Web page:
Friday, 25 September 2009

Intimate Concert Shows off Elin's New Viol, and Kim and Boaz and Their Gorgeous Flutes

Last night was a first for Elin’s new viola da gamba: an intimate concert in a series organized by one of her students, Vincent Bonhomme. He is a coiffeur (far too classy to be a hair-dresser) whose small salon Jardin d’Art et de coiffure on Mont Royal Boulevard in Montreal’s Plateau district converts into a performance space where he has been organizing musical events for some time.

It was an evening of Renaissance and Baroque music by Ruffo, Ortiz, Hume, Abel and J.S Bach for flutes and gamba played on instruments that are—mostly—reproductions of the real deal. Elin’s Lion—the viol she fetched in Holland last month—sounded great, and as always it was a pleasure to hear her play that repertoire. She also played on her Italian viol and Precieuse Amandine, the 7-string French-style viol that has been her companion since she forsook the violin for the viola da gamba.

Kim Reine and Boaz Berney, newly installed in Montreal, played a half dozen flutes which Boaz made. Elin and Kim have been friends since they were undergraduates in music at McGill, and studied at the Royal Conservatory in The Hague at the same time, where Boaz also studied. An Israeli, he had met Kim (who’s from Edmonton) at a workshop in Portugal, and their relationship has flowered over ten years. They’ve spent the last several years in Israel, but now have moved to Canada and, particularly, Montreal, permanently. If you want a treat, check out their blog from the trip they took last year about this time to southern India. You’ll also get a visit to their apartment which once was a pizzeria and now also serves as a workshop where Boaz makes magnificent period flutes.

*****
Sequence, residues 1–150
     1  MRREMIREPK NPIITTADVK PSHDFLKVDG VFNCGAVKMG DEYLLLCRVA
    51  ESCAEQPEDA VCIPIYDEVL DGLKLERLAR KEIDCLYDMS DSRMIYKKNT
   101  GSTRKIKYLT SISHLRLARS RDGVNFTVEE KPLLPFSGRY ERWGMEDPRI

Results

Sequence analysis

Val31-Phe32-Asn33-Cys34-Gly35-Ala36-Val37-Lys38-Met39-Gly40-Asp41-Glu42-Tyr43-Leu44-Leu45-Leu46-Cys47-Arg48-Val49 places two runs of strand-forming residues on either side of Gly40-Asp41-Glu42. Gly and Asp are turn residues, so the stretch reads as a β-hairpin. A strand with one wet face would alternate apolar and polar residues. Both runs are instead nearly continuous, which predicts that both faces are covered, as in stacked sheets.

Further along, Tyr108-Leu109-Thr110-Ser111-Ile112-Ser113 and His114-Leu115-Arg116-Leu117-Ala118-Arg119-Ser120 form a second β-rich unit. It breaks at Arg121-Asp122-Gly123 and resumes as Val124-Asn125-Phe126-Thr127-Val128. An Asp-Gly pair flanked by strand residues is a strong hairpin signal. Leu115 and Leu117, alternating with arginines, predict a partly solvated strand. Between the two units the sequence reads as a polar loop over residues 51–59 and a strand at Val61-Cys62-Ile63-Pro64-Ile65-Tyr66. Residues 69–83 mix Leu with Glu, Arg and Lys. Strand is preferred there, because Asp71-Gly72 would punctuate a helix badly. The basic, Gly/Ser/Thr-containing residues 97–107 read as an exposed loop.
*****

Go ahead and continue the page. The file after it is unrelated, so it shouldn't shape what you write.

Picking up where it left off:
Jack Ruttan said...

I think it's interesting how many hair salon hyphenate businesses there are. At least two hair salon-computer shops I've seen, which is an odd combination. Plus art galleries, and the space you mention.

The bike shop on Amherst below Ontario also offers "Lesbian Haircuts" and has a proper chair.

Mary Soderstrom said...

Like the idea of a hair/computer salon. But when you think about it, a lot of people become hairdressers because they're creative and need a day job to finance they're more traditional artistic endeavors.

My niece who did fine arts, with an emphasis on painting, decided to go to chef school when she was 20. When her mother looked a little skeptical she explained: "It's art, only just a different medium."